75% of Internet users in two dozen countries say social media companies contribute to their distrust in the Internet.
Cybercriminals were the leading source of distrust, at 81%.
86% say they have fallen for fake news at least once.
Source: 2019 Cigi-Ipsos Global Survey on Internet Security and Trust
In response to concerns such as these, social media platforms have instituted some reforms. Facebook introduced an effort to crack down on false content by using third-party fact-checkers and by allowing users to flag potentially problematic posts. Twitter removed millions of “bot” accounts – automated accounts that can be used to amplify a particular message. It now also refuses all political advertising. And in the wake of COVID-19 misinformation, social media platforms have announced that they are co-operating with each other to weed out falsehoods and actively promote authoritative sources.
In Canada, with its relatively short election cycles and less polarized electorate, the issue with election interference, at least, seems less urgent than in the United States. The Public Policy Forum in Ottawa and the Max Bell School of Public Policy at McGill University in Montreal started the Digital Democracy Project in 2018 to study the media ecosystem just before and during the most recent Canadian federal election. Peter Loewen, a University of Toronto professor of political science, is in charge of survey analysis for the project. He says the best news is that there was very little disinformation – that is, intentionally fake news – circulating during the election. The Buffalo Chronicle stories were concerning but not typical.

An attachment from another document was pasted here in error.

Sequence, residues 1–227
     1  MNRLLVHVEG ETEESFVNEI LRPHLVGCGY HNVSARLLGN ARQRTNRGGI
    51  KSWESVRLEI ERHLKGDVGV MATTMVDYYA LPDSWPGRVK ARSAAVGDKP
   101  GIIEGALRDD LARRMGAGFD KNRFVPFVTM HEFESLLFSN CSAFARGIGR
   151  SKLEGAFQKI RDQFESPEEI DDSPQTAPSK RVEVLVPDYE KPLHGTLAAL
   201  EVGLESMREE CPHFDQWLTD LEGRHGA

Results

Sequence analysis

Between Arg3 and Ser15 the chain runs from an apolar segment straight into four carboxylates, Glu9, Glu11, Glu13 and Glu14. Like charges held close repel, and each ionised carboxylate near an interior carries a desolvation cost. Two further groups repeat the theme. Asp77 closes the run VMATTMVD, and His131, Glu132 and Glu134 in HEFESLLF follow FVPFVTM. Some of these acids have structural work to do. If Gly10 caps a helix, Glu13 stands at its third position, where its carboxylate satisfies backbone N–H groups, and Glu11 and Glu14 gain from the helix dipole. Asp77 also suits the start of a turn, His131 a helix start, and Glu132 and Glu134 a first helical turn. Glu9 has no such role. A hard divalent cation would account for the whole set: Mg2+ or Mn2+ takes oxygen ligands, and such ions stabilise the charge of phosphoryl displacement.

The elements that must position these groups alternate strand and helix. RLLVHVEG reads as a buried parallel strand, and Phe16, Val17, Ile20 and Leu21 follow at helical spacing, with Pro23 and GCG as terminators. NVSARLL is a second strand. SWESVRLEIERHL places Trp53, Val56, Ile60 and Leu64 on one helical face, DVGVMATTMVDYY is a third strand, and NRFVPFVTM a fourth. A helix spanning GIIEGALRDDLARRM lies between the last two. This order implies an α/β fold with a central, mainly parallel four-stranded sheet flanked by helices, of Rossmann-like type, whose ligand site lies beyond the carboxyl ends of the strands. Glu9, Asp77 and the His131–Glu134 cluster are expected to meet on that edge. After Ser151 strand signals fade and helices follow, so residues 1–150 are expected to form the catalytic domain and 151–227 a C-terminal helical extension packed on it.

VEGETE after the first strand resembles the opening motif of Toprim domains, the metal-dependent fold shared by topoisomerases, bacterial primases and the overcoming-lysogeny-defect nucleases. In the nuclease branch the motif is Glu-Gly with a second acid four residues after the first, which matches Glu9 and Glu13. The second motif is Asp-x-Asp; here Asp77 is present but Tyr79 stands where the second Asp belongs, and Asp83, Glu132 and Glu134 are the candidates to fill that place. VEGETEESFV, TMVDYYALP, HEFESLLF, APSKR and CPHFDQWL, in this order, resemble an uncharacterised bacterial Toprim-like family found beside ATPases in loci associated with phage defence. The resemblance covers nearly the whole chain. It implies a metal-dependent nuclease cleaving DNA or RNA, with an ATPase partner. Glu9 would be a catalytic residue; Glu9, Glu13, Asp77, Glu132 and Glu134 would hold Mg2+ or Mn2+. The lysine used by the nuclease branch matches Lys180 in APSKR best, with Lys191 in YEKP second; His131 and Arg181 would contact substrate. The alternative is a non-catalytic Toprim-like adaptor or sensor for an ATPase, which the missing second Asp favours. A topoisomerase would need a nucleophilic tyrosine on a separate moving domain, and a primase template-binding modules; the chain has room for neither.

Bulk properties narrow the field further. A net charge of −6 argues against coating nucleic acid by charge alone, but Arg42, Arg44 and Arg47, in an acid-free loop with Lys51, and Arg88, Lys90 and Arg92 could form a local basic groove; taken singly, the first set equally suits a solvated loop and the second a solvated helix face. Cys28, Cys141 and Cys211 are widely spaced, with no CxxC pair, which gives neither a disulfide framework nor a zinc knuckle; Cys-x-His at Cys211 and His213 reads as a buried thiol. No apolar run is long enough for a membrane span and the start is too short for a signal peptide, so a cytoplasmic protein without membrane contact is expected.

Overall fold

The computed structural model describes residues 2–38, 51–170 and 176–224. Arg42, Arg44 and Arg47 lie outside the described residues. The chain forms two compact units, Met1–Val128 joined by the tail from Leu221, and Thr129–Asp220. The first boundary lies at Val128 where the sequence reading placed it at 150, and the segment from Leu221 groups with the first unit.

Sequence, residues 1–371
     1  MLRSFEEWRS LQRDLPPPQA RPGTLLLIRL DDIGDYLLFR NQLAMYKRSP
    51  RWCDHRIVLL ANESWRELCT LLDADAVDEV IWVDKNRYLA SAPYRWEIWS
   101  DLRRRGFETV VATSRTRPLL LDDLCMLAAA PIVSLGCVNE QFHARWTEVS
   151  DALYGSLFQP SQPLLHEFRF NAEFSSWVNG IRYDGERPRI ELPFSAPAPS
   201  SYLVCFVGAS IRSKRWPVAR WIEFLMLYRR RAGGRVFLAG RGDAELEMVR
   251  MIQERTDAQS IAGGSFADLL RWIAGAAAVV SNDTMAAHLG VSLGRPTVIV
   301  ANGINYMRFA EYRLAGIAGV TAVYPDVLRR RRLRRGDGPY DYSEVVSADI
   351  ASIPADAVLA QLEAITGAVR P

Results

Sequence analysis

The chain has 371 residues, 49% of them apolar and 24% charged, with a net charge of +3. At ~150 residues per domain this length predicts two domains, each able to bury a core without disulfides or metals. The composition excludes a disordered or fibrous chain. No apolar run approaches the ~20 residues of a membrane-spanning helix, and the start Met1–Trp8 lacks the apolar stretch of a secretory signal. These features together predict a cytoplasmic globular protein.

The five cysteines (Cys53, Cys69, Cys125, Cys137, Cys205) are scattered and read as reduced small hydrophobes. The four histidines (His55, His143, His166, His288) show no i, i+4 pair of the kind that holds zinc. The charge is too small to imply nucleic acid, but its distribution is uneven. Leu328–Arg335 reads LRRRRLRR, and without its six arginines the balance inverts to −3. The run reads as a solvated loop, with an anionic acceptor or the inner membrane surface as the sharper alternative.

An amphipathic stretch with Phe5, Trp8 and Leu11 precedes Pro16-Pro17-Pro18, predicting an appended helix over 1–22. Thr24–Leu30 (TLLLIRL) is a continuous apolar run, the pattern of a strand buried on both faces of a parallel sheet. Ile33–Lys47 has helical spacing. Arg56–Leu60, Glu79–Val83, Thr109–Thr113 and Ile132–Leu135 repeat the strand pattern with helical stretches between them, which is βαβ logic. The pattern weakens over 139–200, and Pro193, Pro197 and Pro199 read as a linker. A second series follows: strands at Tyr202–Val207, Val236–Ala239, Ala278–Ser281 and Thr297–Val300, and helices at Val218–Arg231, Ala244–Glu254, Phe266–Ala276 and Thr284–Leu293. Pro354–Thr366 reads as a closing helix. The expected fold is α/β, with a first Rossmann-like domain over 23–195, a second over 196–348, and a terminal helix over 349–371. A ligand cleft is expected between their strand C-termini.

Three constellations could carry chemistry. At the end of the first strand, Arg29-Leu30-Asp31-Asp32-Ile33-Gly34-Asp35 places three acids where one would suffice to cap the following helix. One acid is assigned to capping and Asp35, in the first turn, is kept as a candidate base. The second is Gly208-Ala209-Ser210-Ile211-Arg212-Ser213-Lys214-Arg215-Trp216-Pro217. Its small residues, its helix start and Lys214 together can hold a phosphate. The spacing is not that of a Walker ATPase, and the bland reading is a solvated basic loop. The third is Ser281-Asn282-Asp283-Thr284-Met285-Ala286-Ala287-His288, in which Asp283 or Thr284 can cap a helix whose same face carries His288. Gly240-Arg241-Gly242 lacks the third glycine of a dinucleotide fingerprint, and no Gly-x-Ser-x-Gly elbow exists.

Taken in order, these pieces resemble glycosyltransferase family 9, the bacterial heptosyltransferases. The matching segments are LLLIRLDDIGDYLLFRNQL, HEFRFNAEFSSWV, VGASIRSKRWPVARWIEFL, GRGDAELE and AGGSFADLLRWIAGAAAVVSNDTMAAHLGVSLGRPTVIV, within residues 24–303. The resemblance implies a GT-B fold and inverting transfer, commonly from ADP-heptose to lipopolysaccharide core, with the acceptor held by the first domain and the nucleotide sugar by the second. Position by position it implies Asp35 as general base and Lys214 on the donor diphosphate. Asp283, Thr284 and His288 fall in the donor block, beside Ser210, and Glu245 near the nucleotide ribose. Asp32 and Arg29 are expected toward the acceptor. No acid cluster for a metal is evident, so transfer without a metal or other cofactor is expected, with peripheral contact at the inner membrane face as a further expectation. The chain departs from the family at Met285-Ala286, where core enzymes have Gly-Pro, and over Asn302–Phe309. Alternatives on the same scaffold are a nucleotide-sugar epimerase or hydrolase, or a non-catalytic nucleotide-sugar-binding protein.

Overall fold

“If you look at the totality of false things that would appear in credible news outlets, the vast majority of them are coming from political parties, and not from anybody else,” Loewen says. “But that doesn’t mean that people aren’t misinformed. The argument we make is that there is, in fact, a fair amount of misinformation in Canadian politics…. But a lot of misinformation is attributable just to what people are reading in normal news.”